They imitate their parents or siblings, learning from them the way they act or behave in certain situations.
For example, if a child sees their parent being afraid of a certain animal/stimulus (chicken as in this phobia), they will also start developing feelings of fear for the same thing/animal.
Because they have seen their parents do it.
And this gives them a negative image of that thing or animal, making them feel threatened and see the stimuli as potentially harmful to them.
Therefore, phobias are caused by both genetic and environmental factors.
TREATMENT OF ALKETOROPHOBIA
Alketorophobia like all other specific phobias has no exclusive type of treatment that is specifically designed just for the purpose.
Like all the other specific phobias, Alketorophobia is treated by Exposure Therapy, Cognitive-behavioral Therapy (CBT) and or medications that reduces the anxiety or other physical symptoms.
• Exposure Therapy
It is one of the most frequently used ways of treating patients with Alketorophobia (or any other kind of specific phobia).
In this therapy, the patient is exposed to the source of his/her fear over a certain span of time.
To begin with the therapy, the therapist exposes the patient to the least triggering stimuli, a picture for example, of a chicken.
As the therapy progresses and the patient is able to control his anxious feelings, imagery can be used to take the treatment a step further.
In this part of the treatment the patient is asked to visualize/imagine a situation in which he sees a chicken or is in a chicken coup.
During the process of imagery, one actually feels being in that particular situation or place, experiencing various senses.
Once the person successfully, without feeling anxious clears this step of the therapy, he/she is then exposed to a real chicken (for example, is either told to eat a food containing chicken or is taken into a chicken coup).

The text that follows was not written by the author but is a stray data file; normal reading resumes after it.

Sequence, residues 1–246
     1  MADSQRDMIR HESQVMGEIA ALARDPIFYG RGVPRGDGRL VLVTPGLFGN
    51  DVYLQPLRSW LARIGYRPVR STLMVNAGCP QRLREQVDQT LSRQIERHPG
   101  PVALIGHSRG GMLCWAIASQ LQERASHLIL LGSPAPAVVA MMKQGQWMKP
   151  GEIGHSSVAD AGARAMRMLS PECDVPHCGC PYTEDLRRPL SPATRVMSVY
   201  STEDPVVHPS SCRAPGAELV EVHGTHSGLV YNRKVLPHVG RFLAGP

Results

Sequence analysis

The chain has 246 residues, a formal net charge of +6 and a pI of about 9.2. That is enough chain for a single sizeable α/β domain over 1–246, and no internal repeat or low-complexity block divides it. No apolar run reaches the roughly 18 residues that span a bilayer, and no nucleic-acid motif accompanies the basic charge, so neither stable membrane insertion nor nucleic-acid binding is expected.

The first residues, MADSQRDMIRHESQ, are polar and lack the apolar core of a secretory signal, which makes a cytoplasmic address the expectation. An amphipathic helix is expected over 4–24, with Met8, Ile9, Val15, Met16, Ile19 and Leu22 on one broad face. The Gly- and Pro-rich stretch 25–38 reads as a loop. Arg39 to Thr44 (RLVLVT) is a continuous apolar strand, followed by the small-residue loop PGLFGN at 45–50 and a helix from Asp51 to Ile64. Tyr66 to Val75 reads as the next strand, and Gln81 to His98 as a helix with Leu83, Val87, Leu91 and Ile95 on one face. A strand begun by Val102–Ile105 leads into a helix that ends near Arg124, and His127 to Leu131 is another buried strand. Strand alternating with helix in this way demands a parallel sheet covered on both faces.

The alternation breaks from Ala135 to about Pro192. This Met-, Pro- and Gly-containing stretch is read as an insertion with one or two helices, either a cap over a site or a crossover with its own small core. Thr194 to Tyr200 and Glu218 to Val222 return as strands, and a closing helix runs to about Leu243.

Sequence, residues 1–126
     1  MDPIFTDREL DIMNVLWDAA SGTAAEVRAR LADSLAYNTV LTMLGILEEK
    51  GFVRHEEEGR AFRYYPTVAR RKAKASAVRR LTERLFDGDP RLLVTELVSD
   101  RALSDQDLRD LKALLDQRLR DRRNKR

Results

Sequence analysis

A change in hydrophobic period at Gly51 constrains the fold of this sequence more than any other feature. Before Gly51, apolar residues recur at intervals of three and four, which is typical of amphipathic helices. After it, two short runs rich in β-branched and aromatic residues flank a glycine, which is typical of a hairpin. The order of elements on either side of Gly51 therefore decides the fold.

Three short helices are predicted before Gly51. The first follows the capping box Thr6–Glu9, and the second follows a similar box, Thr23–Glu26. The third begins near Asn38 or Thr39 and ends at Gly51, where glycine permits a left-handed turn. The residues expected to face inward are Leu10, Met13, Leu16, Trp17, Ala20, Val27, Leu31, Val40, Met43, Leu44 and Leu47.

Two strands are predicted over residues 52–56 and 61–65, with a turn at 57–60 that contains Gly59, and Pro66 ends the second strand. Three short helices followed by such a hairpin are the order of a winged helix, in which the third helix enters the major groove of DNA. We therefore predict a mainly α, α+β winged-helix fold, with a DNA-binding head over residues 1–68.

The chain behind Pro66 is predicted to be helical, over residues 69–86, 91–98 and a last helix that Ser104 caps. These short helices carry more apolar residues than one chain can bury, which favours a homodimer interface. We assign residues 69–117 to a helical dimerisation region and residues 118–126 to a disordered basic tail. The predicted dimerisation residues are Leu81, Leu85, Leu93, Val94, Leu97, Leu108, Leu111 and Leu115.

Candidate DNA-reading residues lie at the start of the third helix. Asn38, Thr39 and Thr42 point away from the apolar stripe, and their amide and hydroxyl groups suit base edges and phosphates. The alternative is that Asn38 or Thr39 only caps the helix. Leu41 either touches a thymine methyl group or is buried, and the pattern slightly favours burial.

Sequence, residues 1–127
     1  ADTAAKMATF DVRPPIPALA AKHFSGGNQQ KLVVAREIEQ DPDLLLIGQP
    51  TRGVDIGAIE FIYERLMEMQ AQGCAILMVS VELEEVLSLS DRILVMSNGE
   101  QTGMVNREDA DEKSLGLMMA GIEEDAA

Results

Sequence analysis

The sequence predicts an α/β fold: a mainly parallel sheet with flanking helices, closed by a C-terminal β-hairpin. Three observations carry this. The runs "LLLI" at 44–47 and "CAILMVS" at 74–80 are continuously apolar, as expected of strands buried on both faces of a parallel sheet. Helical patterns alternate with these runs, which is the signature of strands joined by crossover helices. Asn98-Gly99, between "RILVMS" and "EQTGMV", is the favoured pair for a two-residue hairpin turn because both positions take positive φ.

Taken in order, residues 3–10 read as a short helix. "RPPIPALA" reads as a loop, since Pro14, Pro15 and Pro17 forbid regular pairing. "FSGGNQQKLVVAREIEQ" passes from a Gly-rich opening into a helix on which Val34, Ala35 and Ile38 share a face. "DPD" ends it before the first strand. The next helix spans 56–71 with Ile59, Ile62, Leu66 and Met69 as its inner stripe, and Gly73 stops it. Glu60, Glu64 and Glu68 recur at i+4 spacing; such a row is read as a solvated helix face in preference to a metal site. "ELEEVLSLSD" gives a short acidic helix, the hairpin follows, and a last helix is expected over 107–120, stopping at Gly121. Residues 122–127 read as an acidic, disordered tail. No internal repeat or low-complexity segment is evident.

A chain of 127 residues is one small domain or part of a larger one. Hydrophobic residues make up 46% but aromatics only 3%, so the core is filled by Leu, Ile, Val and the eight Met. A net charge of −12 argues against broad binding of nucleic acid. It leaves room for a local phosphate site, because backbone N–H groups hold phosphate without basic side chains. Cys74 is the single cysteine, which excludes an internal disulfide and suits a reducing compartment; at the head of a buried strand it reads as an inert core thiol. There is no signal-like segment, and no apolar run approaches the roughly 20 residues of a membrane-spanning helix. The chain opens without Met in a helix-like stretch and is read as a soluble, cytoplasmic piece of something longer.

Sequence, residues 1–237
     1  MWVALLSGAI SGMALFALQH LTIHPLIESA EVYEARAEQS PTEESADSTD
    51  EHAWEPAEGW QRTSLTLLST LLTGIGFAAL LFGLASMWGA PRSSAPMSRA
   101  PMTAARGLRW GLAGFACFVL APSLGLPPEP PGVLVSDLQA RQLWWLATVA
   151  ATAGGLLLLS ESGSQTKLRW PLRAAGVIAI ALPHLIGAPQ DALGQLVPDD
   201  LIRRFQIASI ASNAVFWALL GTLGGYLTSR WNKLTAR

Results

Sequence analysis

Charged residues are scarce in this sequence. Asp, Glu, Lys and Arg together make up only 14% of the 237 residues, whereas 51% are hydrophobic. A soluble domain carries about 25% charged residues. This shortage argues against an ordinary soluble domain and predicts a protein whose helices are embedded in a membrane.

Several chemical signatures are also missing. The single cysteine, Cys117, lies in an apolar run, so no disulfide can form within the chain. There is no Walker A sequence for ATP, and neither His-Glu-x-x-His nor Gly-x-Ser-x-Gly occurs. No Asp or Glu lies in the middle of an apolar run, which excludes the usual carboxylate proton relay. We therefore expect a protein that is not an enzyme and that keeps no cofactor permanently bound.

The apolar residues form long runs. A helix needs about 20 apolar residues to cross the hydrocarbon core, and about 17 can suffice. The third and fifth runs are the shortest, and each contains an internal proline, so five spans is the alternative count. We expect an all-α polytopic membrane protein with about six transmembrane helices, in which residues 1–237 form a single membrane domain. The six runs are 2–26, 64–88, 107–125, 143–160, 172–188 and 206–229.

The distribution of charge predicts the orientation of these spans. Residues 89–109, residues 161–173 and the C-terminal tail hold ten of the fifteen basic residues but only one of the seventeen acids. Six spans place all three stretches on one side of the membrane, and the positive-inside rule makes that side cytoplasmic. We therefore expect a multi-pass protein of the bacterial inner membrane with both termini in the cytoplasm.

While the patient is being exposed to different intensities of stimuli during the various stages of therapy, the therapist simultaneously teaches them coping exercises.
These include, breathing techniques or muscle relaxation methods to lower their anxiety, when in an actual fear/anxiety causing situation.
This teaches them how to remain calm when exposed to the feared stimuli.
Before actually starting the exposure therapy, the therapist needs to figure out the intensity of the patient’s fear, as to deduce whether they will be able to undergo this treatment, without any physical or psychological harm caused to them during the exposure processes.
The therapy continues until they learn to undergo the situation without anxiety/panic attacks.
• Cognitive-Behavioral Therapy (CBT)
It is one of the most frequently used treatment for patients with almost all kinds of mental disorders.
Alketorophobia is defined as the irrational fear of chickens.
Thus, the therapist helps the patient in replacing these irrational thoughts with more rational ones.
The patients are helped out in analyzing and justifying the way they feel about being exposed to a chicken.
The therapists assist them in uncovering the reasons behind their fear and later they provide them with alternate, pleasant thoughts.
The patient is told to maintain a thought diary (with ABCD column) which provides them a replacement for every irrational thought they have, when thinking about a particular situation.
The ABCD stands for:
i. A (antecedents) a situation or triggering event.
ii. B (belief) the thought that comes to one’s mind when in that triggering situation
iii. C (consequences) the symptoms/feelings caused by that event/thought
iv. D (dispute) alternate, rational thoughts provided by the therapist in an attempt to dispute/challenge those irrational beliefs.
This last section of the thought diary is what really plays a role in helping the person feel good/less anxious.
• Dialectical Behavior Therapy (DBT)
This is another effective therapy used to treat Alketorophobia.
It is more commonly used with people suffering from personality disorders, but is also useful with patients of Alketorophobia.
Coping skills are taught in the DBT group which lasts for about 6 months and can have a number of people (depending on how many join the group).
i. Half-smiling is the first module of DBT. It is a technique that is used with patients who are distressed because of their irrational thoughts.
The technique is known as ‘Half-smiling’ because the person is first advised to think about the stimuli that fears or upsets them, and while doing so they are told to lift the corners of their mouths by subtly smiling.
ii. Mindfulness, the second module, is another technique used in DBT groups which helps the individual in getting rid of those negative thoughts.